Things You'll Need
Sharp, clean scissors or secateurs
Many orchid species are tender tropicals that will be killed off by frost or an errant freeze. Some species such as cymbidium, however, are hardier and can be grown outdoors in temperate climates year-round. When a surprise freeze occurs and impacts your orchid plants, you can attempt a recovery, but it may take some time to see if your triage efforts can bring the orchid back to health and a productive flowering life.
Move the damaged plants in pots to a cool location with high humidity and bright, indirect sunlight. Provide good air ventilation such as in a bathroom with a window. Do not move the orchid immediately into a warm environment, as this can exacerbate drought stress and cause the freeze damage to become more pronounced.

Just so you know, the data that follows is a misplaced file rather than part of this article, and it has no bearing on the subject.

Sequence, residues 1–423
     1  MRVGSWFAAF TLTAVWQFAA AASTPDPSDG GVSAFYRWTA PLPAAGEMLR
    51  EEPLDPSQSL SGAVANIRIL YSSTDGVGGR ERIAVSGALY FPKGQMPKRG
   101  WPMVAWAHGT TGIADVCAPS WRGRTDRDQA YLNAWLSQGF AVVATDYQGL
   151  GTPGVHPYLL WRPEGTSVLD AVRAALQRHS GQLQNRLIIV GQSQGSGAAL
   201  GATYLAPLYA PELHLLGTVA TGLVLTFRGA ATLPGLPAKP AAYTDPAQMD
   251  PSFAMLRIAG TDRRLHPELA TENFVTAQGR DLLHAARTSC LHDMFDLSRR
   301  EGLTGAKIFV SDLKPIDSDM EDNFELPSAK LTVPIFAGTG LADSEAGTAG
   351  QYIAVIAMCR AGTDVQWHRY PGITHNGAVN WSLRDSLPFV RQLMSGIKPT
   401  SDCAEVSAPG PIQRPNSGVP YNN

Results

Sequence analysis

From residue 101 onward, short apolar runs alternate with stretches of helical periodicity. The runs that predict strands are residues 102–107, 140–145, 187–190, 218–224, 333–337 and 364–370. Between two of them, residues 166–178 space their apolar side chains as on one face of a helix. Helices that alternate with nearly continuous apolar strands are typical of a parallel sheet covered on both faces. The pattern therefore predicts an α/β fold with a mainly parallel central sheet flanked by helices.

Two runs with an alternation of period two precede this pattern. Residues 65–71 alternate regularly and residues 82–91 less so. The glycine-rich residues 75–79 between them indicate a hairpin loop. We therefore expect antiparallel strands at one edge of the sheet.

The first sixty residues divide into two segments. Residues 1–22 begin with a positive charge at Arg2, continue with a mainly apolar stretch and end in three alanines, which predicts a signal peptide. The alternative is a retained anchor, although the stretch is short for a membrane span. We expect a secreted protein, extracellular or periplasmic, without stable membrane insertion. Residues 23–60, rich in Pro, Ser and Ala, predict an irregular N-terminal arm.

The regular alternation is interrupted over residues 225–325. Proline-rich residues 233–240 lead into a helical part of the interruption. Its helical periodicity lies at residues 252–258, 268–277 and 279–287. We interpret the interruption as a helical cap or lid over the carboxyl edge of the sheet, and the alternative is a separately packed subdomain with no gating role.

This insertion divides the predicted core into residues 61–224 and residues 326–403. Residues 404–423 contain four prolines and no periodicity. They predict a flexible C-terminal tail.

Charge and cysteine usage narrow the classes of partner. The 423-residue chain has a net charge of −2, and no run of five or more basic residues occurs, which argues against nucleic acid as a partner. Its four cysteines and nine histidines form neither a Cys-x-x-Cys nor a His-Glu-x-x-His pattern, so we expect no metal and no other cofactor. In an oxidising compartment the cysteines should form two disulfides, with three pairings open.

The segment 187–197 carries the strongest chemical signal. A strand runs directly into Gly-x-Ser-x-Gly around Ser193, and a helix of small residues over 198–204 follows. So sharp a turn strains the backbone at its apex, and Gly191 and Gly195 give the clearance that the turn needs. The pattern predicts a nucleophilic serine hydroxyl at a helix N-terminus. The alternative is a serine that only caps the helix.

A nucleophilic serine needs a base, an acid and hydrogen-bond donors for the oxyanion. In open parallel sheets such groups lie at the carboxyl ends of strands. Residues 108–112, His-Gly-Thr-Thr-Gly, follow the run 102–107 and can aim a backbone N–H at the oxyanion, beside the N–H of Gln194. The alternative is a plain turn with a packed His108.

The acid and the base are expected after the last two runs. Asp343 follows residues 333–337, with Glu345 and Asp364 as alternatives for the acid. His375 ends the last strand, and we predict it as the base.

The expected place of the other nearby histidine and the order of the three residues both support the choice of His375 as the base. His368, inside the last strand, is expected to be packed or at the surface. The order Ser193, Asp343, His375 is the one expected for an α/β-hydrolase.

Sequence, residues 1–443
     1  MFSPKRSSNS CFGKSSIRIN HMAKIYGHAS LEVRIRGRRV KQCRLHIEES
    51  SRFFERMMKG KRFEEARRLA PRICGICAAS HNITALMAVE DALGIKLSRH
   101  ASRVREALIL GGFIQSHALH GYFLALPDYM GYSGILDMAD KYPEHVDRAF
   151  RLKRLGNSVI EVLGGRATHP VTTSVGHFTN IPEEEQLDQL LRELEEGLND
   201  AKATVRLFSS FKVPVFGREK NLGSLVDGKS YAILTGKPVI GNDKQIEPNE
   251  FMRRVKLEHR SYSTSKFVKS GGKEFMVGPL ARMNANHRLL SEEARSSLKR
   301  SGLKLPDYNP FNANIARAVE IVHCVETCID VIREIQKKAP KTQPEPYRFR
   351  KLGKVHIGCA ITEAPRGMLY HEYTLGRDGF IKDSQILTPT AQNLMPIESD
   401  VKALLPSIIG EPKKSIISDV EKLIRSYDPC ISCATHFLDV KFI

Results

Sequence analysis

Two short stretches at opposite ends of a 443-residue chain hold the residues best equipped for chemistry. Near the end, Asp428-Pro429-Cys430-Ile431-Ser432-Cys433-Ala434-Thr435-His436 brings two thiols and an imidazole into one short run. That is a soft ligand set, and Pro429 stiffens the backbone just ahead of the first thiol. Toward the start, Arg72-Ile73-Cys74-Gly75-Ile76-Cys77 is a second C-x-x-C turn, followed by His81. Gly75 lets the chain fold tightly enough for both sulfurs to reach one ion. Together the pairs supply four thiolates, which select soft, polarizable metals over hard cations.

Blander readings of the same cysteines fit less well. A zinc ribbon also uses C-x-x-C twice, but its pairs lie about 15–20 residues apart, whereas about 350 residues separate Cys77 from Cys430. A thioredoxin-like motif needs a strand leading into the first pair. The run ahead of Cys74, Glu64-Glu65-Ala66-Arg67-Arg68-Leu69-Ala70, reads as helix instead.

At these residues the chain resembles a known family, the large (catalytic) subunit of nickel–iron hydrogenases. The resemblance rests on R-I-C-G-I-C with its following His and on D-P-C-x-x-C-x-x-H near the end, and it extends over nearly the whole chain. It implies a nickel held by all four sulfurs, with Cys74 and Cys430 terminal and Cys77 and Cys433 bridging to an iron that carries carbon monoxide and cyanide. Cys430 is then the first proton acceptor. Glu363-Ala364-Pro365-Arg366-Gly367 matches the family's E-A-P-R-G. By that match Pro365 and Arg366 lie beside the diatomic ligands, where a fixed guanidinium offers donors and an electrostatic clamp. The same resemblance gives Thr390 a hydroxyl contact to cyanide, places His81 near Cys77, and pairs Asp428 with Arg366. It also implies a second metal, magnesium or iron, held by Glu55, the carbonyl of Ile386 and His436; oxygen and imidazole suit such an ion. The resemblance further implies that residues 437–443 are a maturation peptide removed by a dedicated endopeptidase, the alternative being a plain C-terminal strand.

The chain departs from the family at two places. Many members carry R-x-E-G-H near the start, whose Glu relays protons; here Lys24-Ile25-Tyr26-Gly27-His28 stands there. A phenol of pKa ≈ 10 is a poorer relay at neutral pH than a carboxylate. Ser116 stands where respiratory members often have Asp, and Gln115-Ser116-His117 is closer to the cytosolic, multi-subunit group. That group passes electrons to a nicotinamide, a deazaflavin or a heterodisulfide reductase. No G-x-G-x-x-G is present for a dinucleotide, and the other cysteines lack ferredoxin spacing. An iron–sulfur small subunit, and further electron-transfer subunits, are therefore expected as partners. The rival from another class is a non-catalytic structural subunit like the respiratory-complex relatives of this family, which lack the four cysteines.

Allow the soil medium to thaw and dry out. Allow the high levels of humidity in the air to support the plant, as adding water to the roots may exacerbate rot conditions.
Resume watering on the planting medium and roots when you see signs of new green shoots anywhere on the orchid plant. Use plain distilled or tap water without any fertilizer added for the first several weeks after new shoots appear.
Snip off any damaged leaves and stems later in the spring, after temperatures have warmed and you can really assess the effects of the damage. Foliage may die back and brown, become discolored or yellow or look waterlogged and darker in hue. Remove only those tissues that are clearly dead. Allow the plant the season to recover while maintaining your pre-freeze watering and fertilizing regimen.